As far as noise is concerned, the differences from the earlier Olympus cameras are small. That is progress, because the PEN-F has more and thus also smaller pixels on the same micro-43 sensor. It appears that the noise at higher ISO values is a bit nicer than with the PEN-F, but for that I prefer to wait for a new version of Adobe Lightroom in order to make a fair comparison possible.
As far as the accuracy of the color reproduction is concerned, modern cameras are very similar, with the Olympus in the higher regions. Test shots are made with white balance on Auto (warm color = off). We always show a picture of the measurement test results for color reproduction in daylight (left) and in artificial light (right), where the reference color is shown with a square and the measured color with a circle. The closer the circle and the square for a color are to each other, the more accurate the color reproduction. In the latest version of Imatest, there is an option to show the area where the eye does not see any difference between the color of the test card and the color in the test shot. That makes it easier to assess the test results. You therefore see ellipses in the pictures below around the different squares (the correct color). If the circle (the color from the test shot) falls within the ellipse, then you will not see any difference when comparing the colors directly. What stands out with the daylight shots (left) is that the red colors—just as with Canon—are a bit more saturated. What stands out about the artificial lighting shots (right) is that all the green and blue colors are shown well and there is thus not a general orange wash over the artificial lighting shots. Only the purple, red and orange colors are still a bit too saturated.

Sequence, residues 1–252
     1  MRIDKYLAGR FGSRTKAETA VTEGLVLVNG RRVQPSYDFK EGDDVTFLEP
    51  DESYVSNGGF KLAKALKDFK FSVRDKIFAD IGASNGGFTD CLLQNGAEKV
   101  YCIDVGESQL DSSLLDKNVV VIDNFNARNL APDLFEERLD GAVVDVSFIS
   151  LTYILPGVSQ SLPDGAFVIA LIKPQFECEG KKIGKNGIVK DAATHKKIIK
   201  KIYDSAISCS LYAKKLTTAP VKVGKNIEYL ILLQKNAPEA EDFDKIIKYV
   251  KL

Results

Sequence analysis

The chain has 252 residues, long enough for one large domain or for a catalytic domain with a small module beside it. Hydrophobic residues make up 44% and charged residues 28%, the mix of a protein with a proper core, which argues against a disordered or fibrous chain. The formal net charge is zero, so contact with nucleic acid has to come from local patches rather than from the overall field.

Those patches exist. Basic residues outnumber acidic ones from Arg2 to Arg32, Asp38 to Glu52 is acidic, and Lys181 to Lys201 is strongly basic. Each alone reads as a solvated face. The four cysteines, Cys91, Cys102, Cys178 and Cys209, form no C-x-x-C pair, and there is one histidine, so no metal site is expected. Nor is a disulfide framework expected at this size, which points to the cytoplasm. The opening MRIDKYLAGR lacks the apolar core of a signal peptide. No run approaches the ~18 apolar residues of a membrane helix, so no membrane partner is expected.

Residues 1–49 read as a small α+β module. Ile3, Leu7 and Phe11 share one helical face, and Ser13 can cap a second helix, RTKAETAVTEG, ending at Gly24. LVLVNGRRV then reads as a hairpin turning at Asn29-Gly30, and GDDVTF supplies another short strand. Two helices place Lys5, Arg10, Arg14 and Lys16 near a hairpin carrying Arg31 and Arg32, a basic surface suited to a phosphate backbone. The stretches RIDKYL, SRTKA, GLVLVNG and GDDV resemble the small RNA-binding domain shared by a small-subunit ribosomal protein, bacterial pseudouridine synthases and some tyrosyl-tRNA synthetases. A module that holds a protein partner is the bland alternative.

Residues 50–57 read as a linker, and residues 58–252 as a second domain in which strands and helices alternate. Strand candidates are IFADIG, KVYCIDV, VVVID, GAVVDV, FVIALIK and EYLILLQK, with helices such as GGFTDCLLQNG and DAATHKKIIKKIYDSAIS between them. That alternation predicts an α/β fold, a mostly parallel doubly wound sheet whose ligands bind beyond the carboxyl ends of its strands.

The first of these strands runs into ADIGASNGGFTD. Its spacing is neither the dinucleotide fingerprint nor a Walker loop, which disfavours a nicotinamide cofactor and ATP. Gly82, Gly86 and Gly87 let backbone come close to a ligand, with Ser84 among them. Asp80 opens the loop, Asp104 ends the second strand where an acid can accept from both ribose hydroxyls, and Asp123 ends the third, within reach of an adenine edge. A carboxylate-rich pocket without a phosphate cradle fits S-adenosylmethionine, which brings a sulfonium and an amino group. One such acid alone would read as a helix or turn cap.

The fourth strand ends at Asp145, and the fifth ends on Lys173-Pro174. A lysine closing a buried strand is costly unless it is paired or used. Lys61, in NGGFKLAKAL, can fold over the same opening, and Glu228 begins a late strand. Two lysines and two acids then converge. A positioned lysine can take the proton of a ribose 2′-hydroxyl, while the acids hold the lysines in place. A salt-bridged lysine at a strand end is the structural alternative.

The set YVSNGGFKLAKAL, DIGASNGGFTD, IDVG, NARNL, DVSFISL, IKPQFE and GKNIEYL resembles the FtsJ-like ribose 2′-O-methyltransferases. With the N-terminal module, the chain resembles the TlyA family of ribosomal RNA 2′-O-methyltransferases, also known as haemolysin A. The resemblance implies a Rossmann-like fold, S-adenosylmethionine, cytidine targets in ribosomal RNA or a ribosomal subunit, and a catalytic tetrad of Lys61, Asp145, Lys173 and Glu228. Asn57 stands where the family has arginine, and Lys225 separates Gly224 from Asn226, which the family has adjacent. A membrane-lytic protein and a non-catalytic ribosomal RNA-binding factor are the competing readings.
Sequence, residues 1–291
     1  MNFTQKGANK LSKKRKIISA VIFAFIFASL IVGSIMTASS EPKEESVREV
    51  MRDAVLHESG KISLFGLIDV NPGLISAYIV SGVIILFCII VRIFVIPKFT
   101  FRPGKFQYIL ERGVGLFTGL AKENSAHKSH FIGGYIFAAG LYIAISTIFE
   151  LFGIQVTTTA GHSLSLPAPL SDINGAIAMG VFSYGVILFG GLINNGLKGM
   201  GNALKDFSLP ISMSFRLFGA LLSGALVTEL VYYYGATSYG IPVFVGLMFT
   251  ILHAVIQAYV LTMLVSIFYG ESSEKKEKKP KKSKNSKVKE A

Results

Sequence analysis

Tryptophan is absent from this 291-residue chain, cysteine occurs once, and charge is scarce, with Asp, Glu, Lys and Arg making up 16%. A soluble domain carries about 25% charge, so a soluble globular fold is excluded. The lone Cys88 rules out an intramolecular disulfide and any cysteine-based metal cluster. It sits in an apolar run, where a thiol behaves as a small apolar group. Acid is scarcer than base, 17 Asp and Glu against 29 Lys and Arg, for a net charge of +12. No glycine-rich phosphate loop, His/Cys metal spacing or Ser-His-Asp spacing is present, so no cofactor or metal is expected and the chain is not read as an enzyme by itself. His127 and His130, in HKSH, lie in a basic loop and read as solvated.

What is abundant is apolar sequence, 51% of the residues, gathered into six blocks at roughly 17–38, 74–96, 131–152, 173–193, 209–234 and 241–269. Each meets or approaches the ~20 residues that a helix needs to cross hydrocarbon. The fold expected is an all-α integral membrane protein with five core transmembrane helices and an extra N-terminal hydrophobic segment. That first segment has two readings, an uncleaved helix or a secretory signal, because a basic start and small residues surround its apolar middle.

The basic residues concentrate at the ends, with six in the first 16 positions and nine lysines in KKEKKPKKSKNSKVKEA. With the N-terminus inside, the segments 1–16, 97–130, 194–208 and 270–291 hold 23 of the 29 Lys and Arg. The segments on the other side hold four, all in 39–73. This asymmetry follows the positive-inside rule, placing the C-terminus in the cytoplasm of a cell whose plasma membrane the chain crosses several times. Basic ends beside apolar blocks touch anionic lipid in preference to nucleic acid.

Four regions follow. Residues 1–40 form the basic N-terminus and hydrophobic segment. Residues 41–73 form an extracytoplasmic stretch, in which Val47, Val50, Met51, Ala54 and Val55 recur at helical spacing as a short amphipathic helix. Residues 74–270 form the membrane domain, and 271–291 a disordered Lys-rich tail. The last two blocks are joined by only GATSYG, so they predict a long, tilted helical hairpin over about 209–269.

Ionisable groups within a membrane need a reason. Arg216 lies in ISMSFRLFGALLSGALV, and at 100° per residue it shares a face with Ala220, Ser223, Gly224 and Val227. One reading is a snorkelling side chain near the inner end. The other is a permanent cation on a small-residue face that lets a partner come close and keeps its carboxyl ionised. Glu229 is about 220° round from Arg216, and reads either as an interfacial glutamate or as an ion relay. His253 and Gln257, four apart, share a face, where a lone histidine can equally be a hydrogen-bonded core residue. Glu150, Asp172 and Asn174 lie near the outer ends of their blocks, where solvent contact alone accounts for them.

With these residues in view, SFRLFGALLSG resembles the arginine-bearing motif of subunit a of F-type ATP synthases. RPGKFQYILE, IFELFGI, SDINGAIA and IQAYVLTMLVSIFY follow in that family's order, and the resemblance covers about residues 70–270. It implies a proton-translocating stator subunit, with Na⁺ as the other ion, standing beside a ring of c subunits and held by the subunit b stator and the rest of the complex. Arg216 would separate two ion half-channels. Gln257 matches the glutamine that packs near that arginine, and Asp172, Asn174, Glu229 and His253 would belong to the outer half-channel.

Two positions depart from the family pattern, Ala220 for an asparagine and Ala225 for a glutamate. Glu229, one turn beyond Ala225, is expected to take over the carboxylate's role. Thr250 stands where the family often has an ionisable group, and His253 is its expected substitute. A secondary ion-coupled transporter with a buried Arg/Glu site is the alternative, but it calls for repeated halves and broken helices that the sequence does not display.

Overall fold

Connectivity, video and more
Today, all system cameras have built-in options for sending files wirelessly to a smart phone and social media. For uploading shots, the PEN-F offers support for Wi-Fi. The free OI.Share v2.6 smartphone app is available for a seamless file transfer via Wi-Fi. Where the Olympus PEN-F distinguishes itself in my eyes is the ease with which you can apply filters to jpg files, and that you can assess in the viewfinder to see whether or not you want to apply them. You thus do not have to use any external editing and you can immediately share the edited shots on social media after you have created them.
Various kinds of bracketing: